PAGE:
Featured image of post Blank InstalledOn Property for Get-HotFix and Win32_QuickFixEngineering

Blank InstalledOn Property for Get-HotFix and Win32_QuickFixEngineering

Want to get Windows Update status on a bunch of machines, only to discover the InstalledOn property is blank for lots of updates when you’re using Get-HotFix or querying Win32_QuickFixEngineering class with Get-WmiObject?

Turns out it’s related to PowerShell parsing the date as string to datetime object incorrectly, depending what your system locale is.

$Updates = Get-HotFix | Select-Object description,hotfixid,installedby,@{l="InstalledOn";e={[DateTime]::Parse($["installedon"].value,$([System.Globalization.CultureInfo]::GetCultureInfo("en-US")))}}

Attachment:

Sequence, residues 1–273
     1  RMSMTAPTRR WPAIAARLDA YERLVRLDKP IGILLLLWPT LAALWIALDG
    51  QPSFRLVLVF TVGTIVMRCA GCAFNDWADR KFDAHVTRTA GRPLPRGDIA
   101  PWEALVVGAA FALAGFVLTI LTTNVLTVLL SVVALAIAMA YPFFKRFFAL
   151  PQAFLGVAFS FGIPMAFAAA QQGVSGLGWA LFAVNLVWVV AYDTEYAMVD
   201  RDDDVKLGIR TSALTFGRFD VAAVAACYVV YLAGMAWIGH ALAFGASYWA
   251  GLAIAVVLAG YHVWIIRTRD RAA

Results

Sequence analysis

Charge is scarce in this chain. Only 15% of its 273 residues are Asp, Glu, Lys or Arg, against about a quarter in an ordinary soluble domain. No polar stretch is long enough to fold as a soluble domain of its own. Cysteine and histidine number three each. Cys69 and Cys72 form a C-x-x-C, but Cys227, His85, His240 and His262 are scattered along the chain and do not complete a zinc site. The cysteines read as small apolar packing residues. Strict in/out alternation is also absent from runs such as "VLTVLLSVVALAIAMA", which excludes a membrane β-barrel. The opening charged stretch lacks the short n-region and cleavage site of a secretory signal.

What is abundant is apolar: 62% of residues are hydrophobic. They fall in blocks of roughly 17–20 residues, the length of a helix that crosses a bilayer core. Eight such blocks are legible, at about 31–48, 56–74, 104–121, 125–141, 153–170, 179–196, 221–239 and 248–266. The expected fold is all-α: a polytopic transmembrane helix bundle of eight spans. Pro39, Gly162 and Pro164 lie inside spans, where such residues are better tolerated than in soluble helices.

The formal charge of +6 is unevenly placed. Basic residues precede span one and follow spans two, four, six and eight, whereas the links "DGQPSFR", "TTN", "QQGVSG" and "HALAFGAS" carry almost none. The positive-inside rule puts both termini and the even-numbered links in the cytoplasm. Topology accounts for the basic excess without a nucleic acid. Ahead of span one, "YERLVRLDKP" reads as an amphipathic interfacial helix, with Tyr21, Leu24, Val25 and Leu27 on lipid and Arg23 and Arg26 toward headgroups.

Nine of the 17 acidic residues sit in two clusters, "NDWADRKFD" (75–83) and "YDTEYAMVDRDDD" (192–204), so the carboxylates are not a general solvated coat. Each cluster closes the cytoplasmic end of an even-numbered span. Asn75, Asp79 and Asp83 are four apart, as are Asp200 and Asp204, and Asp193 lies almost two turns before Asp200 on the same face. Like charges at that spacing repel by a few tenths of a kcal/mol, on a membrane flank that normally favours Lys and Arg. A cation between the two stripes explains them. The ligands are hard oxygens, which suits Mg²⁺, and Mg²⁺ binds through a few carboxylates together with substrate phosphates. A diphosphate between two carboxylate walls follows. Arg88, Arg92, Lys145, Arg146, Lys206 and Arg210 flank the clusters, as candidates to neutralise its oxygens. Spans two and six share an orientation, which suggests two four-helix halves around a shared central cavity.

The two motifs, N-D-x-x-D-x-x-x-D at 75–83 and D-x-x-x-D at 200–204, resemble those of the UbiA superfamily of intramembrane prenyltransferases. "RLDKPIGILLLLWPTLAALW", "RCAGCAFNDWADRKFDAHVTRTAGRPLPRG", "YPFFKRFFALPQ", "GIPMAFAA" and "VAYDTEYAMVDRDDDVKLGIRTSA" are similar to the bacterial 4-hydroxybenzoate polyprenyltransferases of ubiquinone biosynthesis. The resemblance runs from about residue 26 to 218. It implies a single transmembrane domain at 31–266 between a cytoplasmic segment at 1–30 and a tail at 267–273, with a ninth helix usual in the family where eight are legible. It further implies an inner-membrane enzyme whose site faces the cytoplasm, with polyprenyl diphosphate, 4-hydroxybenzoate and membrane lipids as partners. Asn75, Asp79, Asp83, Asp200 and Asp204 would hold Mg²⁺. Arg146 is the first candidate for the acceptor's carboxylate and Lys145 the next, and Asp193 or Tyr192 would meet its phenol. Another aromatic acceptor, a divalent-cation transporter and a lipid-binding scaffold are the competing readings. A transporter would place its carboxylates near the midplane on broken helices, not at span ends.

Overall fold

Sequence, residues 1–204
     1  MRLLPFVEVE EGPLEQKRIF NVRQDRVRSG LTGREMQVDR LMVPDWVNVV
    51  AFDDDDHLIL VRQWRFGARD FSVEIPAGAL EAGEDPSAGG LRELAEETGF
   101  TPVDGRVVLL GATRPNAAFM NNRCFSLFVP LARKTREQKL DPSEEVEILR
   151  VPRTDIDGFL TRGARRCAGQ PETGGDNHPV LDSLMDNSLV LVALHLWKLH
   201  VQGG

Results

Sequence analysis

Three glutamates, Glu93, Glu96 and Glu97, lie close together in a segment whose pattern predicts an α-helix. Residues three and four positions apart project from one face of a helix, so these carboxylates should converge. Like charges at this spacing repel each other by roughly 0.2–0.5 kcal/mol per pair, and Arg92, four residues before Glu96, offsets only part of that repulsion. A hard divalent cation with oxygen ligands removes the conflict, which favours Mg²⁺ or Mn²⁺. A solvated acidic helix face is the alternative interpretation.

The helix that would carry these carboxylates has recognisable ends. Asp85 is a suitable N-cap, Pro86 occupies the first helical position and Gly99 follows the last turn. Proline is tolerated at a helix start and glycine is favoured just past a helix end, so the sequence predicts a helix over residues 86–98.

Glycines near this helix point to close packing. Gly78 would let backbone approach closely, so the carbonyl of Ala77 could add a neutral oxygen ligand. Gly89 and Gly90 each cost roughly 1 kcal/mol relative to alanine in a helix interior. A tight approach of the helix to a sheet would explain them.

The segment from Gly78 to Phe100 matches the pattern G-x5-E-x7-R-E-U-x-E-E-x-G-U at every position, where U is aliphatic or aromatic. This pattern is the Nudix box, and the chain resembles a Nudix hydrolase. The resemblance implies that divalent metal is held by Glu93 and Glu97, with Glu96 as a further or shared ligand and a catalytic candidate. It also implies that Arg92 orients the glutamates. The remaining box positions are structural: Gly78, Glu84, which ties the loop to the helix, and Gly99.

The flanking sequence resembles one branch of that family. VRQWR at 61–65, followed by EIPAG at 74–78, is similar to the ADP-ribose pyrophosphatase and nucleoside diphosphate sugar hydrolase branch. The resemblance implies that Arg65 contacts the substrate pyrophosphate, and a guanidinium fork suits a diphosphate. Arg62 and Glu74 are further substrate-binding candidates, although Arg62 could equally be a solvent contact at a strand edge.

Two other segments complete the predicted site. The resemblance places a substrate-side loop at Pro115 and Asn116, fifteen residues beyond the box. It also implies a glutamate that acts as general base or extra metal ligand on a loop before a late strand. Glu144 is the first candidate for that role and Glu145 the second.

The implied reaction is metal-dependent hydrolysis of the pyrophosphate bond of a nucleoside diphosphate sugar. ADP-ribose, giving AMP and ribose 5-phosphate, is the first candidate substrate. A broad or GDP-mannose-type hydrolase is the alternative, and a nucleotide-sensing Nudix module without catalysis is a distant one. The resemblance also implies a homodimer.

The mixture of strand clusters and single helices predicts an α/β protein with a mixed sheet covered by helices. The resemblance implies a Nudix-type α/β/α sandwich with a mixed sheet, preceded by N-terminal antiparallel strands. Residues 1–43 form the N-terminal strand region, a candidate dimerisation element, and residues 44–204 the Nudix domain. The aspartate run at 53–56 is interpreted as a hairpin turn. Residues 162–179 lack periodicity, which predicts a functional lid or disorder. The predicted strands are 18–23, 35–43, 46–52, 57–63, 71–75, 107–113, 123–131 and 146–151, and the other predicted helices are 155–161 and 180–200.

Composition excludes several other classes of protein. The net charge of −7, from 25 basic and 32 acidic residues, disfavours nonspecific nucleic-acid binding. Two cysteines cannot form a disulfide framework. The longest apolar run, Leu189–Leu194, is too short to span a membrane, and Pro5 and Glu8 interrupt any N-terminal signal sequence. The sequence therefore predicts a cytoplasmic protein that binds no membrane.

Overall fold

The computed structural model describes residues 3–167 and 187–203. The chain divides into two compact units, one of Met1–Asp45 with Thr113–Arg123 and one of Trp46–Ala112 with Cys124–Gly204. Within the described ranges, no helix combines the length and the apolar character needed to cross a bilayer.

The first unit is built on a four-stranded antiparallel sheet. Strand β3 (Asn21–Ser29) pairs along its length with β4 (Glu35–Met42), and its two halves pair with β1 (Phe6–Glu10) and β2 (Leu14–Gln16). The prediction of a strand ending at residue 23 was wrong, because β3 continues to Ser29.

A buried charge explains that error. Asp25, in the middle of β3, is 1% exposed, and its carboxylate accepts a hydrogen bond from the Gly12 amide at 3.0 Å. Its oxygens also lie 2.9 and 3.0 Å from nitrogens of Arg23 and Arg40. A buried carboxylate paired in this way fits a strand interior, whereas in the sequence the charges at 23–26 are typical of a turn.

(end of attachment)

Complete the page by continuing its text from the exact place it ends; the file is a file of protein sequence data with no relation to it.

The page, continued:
$Updates | Sort InstalledOn -Descending | Select -First 10

I like the above approach, as posted by user pyro3113, because the select expression lets you easily query remote systems using Get-HotFix or Get-WmiObject.

These two solutions use the Microsoft.Update.Session COM object. The Windows Update PowerShell Module creates the COM object on a remote host whereas the post by britv8 shows just enough to get you going executing on local host:

Interestingly, using the below command in cmd doesn’t suffer from this data type parsing issue. It’s just spat out as is with no interpretation.

wmic qfe
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